Effective discipline: changing your child's behavior

Filed under: Development/Milestones: Babies, In The News

At some point or another, every parent comes up against a misbehaving offspring. This might look like a full fledged tantrum: with a drop-to-the floor, sack-of-potatoes limp body of a small child who is wailing at the top of her lungs. Or it might be a whining kiddo who is adamantly refusing to do as he was asked.

Either way, misbehaving is a natural and important part of childhood. Children explore boundaries and develop self control, by testing their parents. But oy, it takes patience, persistence, and perhaps a quick history lesson on the parenting practices of the past fifty years to be most effective at guiding your child through this inevitable part of growing up.

When buttons get pushed some parents either react emotionally to their child's bad behavior: responding to a child's tantrum in kind with explosive yelling and even hitting. Other parents might respond to the same situation analytically: rationalizing and explaining in a calm manner.

But according to Slate.com's Alan E. Kazdin, both of these parenting approaches "have one important thing in common: They're likely to be ineffective in changing the unwanted behavior."

While these different approaches have different side effects (kids who are yelled at and hit at home are more likely to use these strategies to solve problems with their peers than those who are not) they are both ineffective methods for changing behavior because they both "embody our natural tendency to fixate on unwanted behavior and unwittingly reinforce it by giving it a lot of attention-and then persist in trying either to punish or to talk it into oblivion, both of which almost never work."

It is of course meaningful and necessary for children to understand their behavior and how it has logical consequences. But a greater understanding of how or why a child misbehaved is unlikely to stop the child from misbehaving. "Understanding is not a strong path to changing behavior," Kadzin says.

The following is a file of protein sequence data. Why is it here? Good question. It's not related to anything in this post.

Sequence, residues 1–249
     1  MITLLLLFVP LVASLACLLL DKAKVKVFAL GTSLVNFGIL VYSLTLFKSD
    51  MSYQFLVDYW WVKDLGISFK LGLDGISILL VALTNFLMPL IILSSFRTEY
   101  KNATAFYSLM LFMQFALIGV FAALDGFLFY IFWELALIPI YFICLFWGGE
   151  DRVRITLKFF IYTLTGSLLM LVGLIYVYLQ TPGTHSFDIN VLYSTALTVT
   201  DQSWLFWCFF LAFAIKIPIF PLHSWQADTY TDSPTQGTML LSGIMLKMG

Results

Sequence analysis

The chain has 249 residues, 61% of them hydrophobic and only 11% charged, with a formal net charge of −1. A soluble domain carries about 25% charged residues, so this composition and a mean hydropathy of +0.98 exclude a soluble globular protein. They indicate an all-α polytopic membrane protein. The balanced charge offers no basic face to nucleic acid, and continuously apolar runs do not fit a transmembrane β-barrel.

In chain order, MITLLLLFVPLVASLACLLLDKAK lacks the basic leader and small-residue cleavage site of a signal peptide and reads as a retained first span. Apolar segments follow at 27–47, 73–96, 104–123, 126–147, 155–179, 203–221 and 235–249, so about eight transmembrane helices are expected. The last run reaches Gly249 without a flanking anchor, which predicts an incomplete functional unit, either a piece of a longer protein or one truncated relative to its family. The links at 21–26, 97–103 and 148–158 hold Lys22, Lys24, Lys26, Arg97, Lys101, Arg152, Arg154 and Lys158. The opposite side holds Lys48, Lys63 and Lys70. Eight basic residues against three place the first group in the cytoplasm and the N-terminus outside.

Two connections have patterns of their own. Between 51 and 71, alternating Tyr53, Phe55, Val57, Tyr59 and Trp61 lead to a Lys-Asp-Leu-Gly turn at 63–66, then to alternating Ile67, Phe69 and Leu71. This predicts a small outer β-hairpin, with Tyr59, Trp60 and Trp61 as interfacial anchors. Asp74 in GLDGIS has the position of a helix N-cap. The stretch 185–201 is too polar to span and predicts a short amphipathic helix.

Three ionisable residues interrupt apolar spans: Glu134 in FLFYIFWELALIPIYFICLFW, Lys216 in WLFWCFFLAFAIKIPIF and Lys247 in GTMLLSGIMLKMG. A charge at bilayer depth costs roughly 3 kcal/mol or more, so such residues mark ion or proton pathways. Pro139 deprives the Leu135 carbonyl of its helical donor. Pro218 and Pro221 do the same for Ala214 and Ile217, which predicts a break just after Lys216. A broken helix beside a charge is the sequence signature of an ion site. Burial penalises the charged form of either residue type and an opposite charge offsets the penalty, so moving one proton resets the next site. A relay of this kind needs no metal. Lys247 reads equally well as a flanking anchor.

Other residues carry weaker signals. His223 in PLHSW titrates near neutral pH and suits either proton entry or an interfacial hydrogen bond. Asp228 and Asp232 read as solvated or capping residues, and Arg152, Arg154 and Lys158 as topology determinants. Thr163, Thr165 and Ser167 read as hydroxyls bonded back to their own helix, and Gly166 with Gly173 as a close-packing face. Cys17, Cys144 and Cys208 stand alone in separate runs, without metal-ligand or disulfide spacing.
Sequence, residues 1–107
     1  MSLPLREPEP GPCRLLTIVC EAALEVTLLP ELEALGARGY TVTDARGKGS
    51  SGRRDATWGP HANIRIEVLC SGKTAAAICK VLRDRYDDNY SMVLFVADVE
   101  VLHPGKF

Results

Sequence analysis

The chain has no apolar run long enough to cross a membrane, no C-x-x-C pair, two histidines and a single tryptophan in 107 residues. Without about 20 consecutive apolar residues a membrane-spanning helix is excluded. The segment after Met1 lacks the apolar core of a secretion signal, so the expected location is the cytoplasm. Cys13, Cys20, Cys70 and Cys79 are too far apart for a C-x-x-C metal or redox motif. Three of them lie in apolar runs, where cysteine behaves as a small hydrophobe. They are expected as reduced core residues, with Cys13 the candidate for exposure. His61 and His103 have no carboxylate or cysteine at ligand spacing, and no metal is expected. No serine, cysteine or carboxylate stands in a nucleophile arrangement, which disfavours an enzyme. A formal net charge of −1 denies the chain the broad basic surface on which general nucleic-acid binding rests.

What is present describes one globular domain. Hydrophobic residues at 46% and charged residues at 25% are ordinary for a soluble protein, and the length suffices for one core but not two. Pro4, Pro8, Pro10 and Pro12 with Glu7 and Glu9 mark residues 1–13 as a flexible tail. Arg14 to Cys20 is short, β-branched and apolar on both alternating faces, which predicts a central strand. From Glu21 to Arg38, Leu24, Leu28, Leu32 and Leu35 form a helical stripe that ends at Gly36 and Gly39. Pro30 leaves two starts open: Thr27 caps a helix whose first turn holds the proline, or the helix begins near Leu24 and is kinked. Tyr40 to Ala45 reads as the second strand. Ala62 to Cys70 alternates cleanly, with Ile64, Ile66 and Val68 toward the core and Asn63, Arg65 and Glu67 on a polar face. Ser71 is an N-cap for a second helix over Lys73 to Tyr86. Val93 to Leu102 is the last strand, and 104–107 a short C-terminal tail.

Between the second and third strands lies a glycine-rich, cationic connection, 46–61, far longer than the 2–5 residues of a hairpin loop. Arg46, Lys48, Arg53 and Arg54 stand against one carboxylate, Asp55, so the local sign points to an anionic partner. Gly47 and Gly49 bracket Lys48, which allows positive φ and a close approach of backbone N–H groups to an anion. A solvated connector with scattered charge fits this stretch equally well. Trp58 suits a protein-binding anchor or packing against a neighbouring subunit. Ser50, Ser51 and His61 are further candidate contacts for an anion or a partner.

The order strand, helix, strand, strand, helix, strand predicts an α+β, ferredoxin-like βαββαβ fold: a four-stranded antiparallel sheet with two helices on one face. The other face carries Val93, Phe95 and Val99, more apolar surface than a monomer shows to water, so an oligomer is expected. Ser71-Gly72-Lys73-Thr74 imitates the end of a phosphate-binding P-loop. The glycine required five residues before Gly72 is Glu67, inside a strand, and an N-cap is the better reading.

Basically, focusing on the negative--rationally or irrationally --only gets you more negative behavior.

Do you ever find yourself falling into this trap?

It's easy to do. Especially when your three year old is hammering your brain into mush by doing every possible annoying thing before you've had you're first cup of coffee--as mine was inclined to do this morning. He seriously had my number from the minute he woke up, and our interactions were basically one big parade of negative reinforcement and negative responses ("I've already told you twice, stop jumping on the bed, yelling really loudly, whining, etc...next time it's a time out.")

And while it is ridiculously easy to slip into this mode of response, especially when lacking coffee, it is also fairly easy to reroute onto a more effective course. "Fortunately, science does tell us how to change behavior and how explanation can be used most effectively," Kadzin tells us.

How can you be more effective at changing your child's behavior? Focus on what you want your child to do, rather than what you want your child to stop doing. Instead of saying "Stop yelling and jumping on the bed" I'd be more effective, and likely get my coffee sooner if I'd said "Go find your Truck book and 'read' it quietly in an indoor voice."

As a teacher this approach is the cornerstone of my approach to classroom managment. I regularly tell kids to do the positive opposite of negative behaviors I see. And I'm always redirecting by telling kiddos what I am looking for, as opposed to what I am not, while at the same time looking for opportunities to praise positive behaviors in action ("I see so many writers with their feet on the floor and their voices off...")

Now, if I can only remember to apply this strategy at home before 7a.m...


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AdviceMama Says:
Start by teaching him that it is safe to do so.